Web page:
Less lavish vessels have been in the news for unfortunate reasons. Last Sunday, a boat capsized in rough seas off Menorca. One person died and six others needed treatment for hypothermia. The ages of those on board ranged from eleven to sixty.

On Saturday morning, a Maritime Safety Agency boat located a twelve-metre boat that was drifting off the coast of Canyamel. The Guardia Civil concluded that it was a drugs boat which had been affected by the conditions. As well as searching for whoever had been on board, the Guardia were looking for possible bundles of drugs. In October last year, bundles started to be discovered in Santa Ponsa. These, it was presumed, had gone overboard from a drugs boat during a storm. More than twenty were eventually found.

Drugs supermarket and Easter police

The Son Banya shanty town in Palma is known as Mallorca's drugs supermarket - and with good reason. A few years ago, the decision was taken to demolish all the shanties. Some have been demolished, but it is evident that they have been replaced by some new ones. In addition, residents - many of whom are members of drugs clans - have installed what has been described as "fortification". This comprises a metal perimeter fence and wooden panels and is designed, so it is said, to make it easier for people to purchase drugs. The town hall insists that it will demolish this fortification.

The National Police, regular visitors to Son Banya, have to contend with drugs offences on a lower scale in Playa de Palma as well. A stronger police presence this season has been promised by the town hall, and businesses say that this was the case over Easter. "For the first time in history they have listened to us and brought forward the police reinforcement to March," observed Juan Miguel Ferrer, president of the Palma Beach association.

While the businesses were content with the policing, they were less so with Easter trading. The weather and flights were factors. Of the flights, it was odd that businesses seemed to be caught on the hop by the lower number of Easter flights. It's the same every year regardless of when Easter falls - airlines' summer schedules only kick in from the start of April.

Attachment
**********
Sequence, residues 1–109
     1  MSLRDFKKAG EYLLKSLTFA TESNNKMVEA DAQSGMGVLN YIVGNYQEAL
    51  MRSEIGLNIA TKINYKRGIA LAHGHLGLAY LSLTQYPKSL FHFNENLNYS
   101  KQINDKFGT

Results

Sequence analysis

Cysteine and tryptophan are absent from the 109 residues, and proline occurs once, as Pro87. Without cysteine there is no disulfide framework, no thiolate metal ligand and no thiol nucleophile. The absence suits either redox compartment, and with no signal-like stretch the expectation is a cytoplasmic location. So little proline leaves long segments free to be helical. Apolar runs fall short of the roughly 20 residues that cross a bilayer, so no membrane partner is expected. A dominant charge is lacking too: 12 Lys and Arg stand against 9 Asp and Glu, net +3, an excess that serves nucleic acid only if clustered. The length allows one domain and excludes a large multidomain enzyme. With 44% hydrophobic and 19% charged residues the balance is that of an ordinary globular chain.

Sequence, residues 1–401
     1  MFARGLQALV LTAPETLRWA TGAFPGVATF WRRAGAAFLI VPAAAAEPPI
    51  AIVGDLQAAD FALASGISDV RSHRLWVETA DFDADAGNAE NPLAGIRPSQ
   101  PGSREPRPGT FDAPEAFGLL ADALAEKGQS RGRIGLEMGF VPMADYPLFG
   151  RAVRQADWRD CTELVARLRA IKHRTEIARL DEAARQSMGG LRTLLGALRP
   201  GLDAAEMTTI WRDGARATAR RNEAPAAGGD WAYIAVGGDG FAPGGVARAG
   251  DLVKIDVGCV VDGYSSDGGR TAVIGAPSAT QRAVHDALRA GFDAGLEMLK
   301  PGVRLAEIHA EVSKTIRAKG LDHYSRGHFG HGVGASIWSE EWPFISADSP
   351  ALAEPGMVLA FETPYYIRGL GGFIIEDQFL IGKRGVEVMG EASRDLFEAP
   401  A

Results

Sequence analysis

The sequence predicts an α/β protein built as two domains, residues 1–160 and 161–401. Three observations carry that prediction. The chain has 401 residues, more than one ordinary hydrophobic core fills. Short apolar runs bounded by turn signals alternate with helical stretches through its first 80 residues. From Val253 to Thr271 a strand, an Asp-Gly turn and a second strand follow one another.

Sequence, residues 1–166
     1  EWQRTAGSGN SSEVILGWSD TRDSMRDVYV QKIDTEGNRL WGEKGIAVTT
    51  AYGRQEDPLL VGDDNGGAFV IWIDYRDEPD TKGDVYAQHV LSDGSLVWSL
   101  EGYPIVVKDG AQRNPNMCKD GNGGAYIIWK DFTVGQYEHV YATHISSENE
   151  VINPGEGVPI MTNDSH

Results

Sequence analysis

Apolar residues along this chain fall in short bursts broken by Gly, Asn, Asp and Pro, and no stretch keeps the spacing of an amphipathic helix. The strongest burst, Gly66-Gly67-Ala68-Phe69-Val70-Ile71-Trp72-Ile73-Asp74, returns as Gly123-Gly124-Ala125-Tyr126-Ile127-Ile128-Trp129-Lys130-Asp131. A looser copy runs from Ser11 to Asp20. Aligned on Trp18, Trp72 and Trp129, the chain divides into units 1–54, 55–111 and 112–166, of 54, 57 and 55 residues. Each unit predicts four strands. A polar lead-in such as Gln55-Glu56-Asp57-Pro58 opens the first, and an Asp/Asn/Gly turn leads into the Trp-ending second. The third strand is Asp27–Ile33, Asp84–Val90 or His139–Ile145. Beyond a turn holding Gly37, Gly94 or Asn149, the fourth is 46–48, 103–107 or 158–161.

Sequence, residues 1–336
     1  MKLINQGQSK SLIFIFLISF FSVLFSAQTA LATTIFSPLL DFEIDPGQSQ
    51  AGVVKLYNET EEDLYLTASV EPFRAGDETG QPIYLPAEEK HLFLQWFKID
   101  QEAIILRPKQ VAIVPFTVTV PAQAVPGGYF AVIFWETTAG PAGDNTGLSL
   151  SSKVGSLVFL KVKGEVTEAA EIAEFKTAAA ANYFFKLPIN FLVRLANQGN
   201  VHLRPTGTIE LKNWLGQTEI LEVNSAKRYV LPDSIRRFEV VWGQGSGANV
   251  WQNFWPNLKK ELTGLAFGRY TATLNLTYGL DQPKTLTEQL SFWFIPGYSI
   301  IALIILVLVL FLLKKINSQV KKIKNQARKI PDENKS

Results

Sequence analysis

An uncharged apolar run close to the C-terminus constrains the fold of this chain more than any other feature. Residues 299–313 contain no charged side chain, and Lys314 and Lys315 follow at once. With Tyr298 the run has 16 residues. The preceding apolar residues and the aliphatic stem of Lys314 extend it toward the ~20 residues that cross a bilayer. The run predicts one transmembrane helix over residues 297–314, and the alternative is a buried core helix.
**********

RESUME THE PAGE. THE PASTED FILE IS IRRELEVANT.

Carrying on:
Trouble in Cala Ratjada

The National Police in Playa de Palma were part of a deployment of extra officers for Operation Easter Week. These officers were in Palma, but reports of trouble over the weekend came from the other side of the island - Cala Ratjada. One of these reports suggested that Cala Ratjada has become lawless, a description that Capdepera Police and the Guardia Civil would doubtless take exception to. As it was, there were four violent incidents between Saturday and Monday in the nightlife zone.

These incidents aren't welcome but they can be overstated. Cala Ratjada, like other coastal places (Puerto Alcudia, Puerto Andratx, for instance), does have its moments, but a sense of proportion should be kept. It should be noted that the incidents in Cala Ratjada did not involve tourists.

Palma vehicles and total confusion

For the traffic cops in Palma, there are apparently fewer vehicles for them to worry about. According to town hall figures, there were 13,475 vehicles per day in February on the main municipal roads, e.g. the Avenidas, but not, for example, the Via Cintura, which is a Council of Mallorca road. In February 2019, there were 14,596.

The mobility councillor attributes the decrease, which was also evident last February, to the price of fuel and difficulties with parking and not to free transport. He didn't mention the work on the Paseo Marítimo, which might just have been deterring some drivers. Despite the reduction, he accepted that the people of Palma "do not perceive that the city's traffic is any less saturated".

Wasn't the high-occupancy vehicle lane (HOV) from the airport to the city supposed to have had a role in addressing this saturation? It's now hard to remember precisely what the thinking was, political change at the Council of Mallorca having brought about a demand for the HOV lane to be eliminated. The traffic directorate refuses to do so and instead has come up with a compromise solution based on day of the week, time of the day and type of vehicle. Even before the Council responded to these proposals by saying that they were confusing and liable to create chaos, everyone else had arrived at the same conclusion.